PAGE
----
Of course, teachers are the reason your child is there. When you talk to your child’s teachers, ask about their approach to homework. Some teachers assign homework so kids can practice new skills while others focus on the accuracy of the assignments they turn in. Ask for the dates of tests and large assignments so you can help your child plan accordingly. For instance, if you know a big test is coming up on Friday morning, you will know to keep things simple on Thursday evening.

9. Make it a Family Affair

Together, you and your child can plan for success in school. For instance, sit down with your child to create a routine chart. Ask your child what she wants to do first when she first gets home from school: play outside or do homework? Her answers go on the chart. “The more kids have ownership in creating a routine for themselves and setting expectations, the more likely they are to follow it,” says Vaillancourt.

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The APN survey continues!

We are continuing our survey of residents that live in the Allentown Promise Neighborhood.  The survey captures information about housing, healthcare, and other important information for people that live in the neighborhood. It will also allow for the opportunity for residents to talk to APN staff about interests or concerns they have for the neighborhood.

The survey also provides us with the needed information to determine how best to assist the APN. We will continue conducting the surveys in August and  September. Our resident liaisons and resident ambassadors are conducting the surveys, so if you see them in the neighborhood please support our cause and participate!

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Meet the APN Resident Liaisons

Allentown Promise Neighborhood is happy to introduce our Resident Liaisons: Alissa, Banessa, Gelmar, Isaiah, Marcela, and Yamiris.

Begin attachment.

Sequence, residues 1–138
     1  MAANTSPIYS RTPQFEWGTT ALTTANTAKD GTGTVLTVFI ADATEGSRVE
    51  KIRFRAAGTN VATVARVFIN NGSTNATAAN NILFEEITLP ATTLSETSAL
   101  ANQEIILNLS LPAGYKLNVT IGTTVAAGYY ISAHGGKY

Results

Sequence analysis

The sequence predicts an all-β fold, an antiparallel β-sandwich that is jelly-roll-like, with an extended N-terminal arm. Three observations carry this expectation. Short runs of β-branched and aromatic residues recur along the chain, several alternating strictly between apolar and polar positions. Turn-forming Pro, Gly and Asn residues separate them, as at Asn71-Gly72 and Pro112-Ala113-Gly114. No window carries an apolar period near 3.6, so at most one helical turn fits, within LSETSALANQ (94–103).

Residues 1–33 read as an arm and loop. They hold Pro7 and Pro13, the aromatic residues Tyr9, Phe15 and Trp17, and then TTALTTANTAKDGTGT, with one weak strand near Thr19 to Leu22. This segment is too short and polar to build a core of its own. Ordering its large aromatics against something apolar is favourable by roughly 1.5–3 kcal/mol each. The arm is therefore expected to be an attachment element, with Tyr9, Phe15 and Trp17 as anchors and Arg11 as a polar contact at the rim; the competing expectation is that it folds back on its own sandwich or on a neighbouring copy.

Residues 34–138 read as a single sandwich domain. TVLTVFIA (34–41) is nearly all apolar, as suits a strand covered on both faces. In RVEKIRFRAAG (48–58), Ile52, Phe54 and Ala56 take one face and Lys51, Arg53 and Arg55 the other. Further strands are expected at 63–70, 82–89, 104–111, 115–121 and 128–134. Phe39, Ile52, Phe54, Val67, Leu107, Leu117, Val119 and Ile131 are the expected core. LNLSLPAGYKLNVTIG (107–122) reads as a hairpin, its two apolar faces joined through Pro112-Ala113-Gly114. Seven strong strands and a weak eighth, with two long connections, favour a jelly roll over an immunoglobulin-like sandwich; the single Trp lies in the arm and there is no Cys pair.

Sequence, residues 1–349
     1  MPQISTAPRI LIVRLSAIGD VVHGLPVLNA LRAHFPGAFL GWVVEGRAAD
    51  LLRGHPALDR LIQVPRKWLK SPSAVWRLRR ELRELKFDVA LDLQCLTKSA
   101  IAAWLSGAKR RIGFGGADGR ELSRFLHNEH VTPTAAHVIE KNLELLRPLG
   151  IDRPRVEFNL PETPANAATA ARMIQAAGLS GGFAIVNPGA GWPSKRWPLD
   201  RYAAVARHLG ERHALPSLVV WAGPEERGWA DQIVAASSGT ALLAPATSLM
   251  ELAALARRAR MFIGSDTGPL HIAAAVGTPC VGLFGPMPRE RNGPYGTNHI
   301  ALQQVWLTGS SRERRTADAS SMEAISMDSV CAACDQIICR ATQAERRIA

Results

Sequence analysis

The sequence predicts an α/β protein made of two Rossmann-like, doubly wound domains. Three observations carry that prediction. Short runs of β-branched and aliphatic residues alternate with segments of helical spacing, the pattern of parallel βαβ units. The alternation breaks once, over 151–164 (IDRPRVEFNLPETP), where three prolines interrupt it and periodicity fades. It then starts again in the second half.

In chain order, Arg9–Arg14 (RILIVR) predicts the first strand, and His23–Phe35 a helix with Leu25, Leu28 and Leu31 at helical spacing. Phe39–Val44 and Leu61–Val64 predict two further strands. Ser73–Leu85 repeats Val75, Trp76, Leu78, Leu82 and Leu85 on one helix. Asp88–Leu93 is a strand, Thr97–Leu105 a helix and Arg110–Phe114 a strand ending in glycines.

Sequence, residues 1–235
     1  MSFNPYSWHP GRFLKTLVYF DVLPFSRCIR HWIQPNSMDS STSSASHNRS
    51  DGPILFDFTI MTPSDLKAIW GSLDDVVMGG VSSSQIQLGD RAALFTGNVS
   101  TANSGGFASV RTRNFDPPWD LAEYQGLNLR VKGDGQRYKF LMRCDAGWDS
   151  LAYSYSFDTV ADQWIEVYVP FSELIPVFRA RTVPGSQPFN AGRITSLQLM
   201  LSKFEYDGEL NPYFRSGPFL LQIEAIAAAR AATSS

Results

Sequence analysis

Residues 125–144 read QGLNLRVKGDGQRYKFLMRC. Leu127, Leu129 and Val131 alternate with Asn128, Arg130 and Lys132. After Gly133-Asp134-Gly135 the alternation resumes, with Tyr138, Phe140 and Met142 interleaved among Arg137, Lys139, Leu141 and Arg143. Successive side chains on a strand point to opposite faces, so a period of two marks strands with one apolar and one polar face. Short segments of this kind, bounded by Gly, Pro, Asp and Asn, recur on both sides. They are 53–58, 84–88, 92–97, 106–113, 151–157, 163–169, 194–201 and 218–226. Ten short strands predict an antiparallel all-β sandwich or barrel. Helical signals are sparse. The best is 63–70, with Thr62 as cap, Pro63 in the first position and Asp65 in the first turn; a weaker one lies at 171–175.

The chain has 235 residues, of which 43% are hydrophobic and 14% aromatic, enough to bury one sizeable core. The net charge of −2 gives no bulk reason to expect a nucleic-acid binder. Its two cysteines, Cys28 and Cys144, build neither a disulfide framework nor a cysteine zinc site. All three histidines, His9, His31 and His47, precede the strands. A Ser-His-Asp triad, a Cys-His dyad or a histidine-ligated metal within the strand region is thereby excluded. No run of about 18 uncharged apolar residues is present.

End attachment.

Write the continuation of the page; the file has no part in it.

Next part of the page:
They will be greeting residents in the community, telling them about APN events and programs, and providing information about local services.

If you see them in the neighborhood, feel free to say hello, or ask them about what wonderful things we have going on in the APN.

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Take Our Daughters and Sons to Work Day is April 24

National “Take Our Daughters and Sons To Work Day” is coming up on Thursday, April 24. If you are a parent or adult looking to take a young person with you to work, note the 2014 theme “Plant a Seed, Grow a Future.”

Preparing our youth for a rewarding future is not just a responsibility, it is an opportunity for adults to “plant seeds” in their young minds about the steps necessary to reach and exceed academic, extracurricular, and personal goals. It is also an opportunity for us to learn about our child’s expectations for their own future.

Make “Take Our Daughters and Sons to Work Day” a valuable experience for you and your child. Even if it isn’t a once-a-year practice you can still take your daughter or son to lunch or even on a walk. The opportunities for planting these seeds are in everyday moments, and are invaluable to their future.

For more information visit: http://www.daughtersandsonstowork.org/wmspage7d10.html?parm1=936

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Parents: continue learning with your children when snow keeps them at home

During winter storms and snow days, engage your children in pencil-and-paper games such as Sprouts, Dots and Squares, and  Tic Tac Toe. Children will enjoy the challenging activity as well as your engagement with them, and will build great problem solving skills too. All you need is pencil, paper, and an eager mind. Look below for instructions and ideas for more paper-and-pencil games to play with your children.

Categories: Draw a grid on a piece of paper – a square filled with smaller squares. The number of squares can vary, depending on the attention span of your child. Down the left side, put some letters of the alphabet (for example, you could spell out a child’s name: LISA). Across the top, write categories – for example, girls’ names, boys’ names, animals, colors, cars, places. You can make this harder or easier by changing the categories. Players take turns writing in words that fit the category and start with the letter in the left-hand column. (Next to the letter L, in this example, you might have Laura, Liam, lion, lavender, Lexus and Labrador.) Give extra points for words that nobody else thought of.

Battleship: For two players. Here’s another popular game you can play without the official version. All you need is graph paper. Each player needs two grids. Label each grid by writing numbers across the top and letters down the side, so that the squares are easily identified as A8 or F5. One grid will be for locating your own ships, the other for recording shots against your opponent’s ships. Each player places three or four “ships” on his grid, then let the guessing begin. The first person to sink all the other person’s ships wins.